Measure average brightness of texture

Hey there,

i am trying to find out how “filled” a texture can be besides real black black, so I thought to measure the average brightness of the image but i couldnt find anything that can give me back a single value on how bright the picture is.
Using the pipet seems to be no real option because of the heavy cpu usage when sampling all 1920x1080 points with it.
Is there maybe another solution to the problem that I am missing, besides writing it in c#??

You are not going to have that in c# in real-time, but you can have it in compute, what is the value you are looking for brightest and darkest pixel, or average of all the pixels (sum of pixels / amount of pixels)?

the ideal case would be to have a comparision between the “used pixels” (the ones that are above 0 lightness) and the “unused pixels” so that I can measure how much of the space of the texture is used.
Do you know any tutorial that I can use to get an idea what I have to do?
I am a complete newby in writing compute shaders.

This might help:

This not a beginner topic, there is two ways of dealing with this, one is an interlocked add or interlocked min max… I’ll check tomorrow I have something ready somewhere…

I think I use that to calculate overall luma in texture coming from some camera to detect finish if the mask is filled with white then it’s finish time… I guess you are looking for something similar?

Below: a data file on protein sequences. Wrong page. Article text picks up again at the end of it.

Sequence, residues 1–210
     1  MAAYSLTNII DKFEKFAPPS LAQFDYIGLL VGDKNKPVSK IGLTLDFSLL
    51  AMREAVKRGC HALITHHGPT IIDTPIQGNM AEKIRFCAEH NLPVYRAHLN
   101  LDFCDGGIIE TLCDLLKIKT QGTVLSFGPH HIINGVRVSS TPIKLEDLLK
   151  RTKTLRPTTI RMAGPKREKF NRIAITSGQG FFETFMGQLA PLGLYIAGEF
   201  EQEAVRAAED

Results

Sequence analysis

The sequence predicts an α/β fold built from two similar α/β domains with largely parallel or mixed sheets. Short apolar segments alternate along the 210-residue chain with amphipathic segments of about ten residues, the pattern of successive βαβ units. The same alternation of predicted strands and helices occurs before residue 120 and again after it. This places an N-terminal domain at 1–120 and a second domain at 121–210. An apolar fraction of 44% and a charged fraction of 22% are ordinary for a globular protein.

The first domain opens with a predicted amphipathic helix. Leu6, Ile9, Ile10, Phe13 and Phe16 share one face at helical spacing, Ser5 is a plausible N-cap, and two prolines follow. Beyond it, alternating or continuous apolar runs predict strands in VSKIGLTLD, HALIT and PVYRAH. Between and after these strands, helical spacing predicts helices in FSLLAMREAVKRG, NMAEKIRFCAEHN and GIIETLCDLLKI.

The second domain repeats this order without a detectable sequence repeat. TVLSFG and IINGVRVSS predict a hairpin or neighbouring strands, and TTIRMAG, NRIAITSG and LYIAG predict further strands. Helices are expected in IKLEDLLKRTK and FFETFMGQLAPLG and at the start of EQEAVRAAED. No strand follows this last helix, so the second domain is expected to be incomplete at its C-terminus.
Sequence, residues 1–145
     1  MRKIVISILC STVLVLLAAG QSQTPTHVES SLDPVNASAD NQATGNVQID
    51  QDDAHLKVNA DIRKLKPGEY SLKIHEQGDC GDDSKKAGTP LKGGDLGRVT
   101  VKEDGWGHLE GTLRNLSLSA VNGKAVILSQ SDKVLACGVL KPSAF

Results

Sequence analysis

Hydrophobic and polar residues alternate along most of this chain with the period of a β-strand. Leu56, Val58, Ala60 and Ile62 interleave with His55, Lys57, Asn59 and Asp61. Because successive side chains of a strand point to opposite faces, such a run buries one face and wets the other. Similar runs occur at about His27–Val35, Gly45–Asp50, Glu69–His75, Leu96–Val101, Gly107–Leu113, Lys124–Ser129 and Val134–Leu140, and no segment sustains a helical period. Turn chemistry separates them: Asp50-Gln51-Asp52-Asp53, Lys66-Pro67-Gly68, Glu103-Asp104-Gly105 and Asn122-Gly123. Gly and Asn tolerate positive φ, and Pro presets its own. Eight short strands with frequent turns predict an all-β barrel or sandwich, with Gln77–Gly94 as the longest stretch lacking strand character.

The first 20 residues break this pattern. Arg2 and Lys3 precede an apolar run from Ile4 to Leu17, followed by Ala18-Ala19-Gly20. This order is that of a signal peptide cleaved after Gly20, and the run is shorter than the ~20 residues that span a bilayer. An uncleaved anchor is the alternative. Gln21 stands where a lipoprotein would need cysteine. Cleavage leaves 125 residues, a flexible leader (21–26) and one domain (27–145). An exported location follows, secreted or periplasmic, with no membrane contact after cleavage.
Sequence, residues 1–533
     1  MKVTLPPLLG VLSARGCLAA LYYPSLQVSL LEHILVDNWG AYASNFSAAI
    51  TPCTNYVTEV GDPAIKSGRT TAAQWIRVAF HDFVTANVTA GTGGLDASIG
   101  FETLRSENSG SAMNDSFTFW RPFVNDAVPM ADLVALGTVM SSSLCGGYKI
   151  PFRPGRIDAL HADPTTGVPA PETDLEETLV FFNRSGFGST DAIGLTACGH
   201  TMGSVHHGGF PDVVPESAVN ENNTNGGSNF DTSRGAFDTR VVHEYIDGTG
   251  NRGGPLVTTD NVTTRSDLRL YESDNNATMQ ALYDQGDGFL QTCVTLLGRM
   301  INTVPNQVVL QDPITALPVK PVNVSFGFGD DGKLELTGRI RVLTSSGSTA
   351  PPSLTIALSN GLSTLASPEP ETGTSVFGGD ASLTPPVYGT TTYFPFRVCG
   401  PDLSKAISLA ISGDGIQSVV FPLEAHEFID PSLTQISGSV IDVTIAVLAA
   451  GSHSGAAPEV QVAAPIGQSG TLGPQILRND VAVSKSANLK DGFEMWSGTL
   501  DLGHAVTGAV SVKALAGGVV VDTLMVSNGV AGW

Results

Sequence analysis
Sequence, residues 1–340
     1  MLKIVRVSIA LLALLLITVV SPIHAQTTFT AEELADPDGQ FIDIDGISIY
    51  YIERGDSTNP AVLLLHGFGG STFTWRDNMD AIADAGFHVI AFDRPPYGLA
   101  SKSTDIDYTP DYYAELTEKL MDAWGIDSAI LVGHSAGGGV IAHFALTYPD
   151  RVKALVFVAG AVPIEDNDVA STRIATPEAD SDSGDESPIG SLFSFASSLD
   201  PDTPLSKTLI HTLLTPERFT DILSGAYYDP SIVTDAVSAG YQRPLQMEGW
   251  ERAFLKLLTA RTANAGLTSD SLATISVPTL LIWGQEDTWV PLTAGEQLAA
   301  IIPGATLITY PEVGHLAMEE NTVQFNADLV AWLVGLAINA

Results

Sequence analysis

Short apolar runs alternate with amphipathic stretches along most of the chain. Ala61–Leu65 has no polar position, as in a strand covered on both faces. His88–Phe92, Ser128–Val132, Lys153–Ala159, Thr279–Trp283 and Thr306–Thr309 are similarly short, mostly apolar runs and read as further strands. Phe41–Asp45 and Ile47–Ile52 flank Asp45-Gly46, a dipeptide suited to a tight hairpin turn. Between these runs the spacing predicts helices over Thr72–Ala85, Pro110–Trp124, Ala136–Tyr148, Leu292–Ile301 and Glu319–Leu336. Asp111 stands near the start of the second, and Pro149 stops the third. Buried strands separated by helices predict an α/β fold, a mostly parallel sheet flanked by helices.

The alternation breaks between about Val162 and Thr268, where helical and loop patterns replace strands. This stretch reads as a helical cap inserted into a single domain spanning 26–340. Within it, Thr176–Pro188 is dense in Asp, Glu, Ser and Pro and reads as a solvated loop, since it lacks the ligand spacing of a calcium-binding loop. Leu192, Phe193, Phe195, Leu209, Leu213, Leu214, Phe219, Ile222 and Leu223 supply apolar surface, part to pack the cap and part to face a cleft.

Ok, so seems with interlocked add, it’s not going to work, since it works on int’s and uint’s only. Guess this meant to work with something you have to increment an amount off…

Instead there is a second tech, when you draw all the pixels of your texture exactly at (0,0,0), using add as blend mode, so you have one pixel containing all the brightness of the texture… (10.9 KB)


Ah that sounds like a way faster method to measure the average brightness by adding them all together!
I’ll check the sumpixelsAnt tomorrow :D
Thanks so much for the help antokhio!!

I finally found the time to check the SumPixels node and it is super awesome!!
The VSCode is beyond my understanding!^^ I hopefully manage some day to write that on my own!

Do you have some tutorials on how to write compute shaders?

Thanks so much for the help :)

I think was supposed to be recorded during node 2017 with Mr.Vux but i haven’t seen them online…
If you have a topic of interest i can do a video, problem is that compute field has many applications and all of them have some specific stuff, so to cover everything is to cover nothing basically…

I guess i’ll do some beginner at list, with setup and all the stuff related for the general approach…

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That would be superawesome!
I am currently looking into JavaScript to start and learn how to code.
Later I want to learn to write my own shaders for vvvv.
We’ll see how that will turn out^^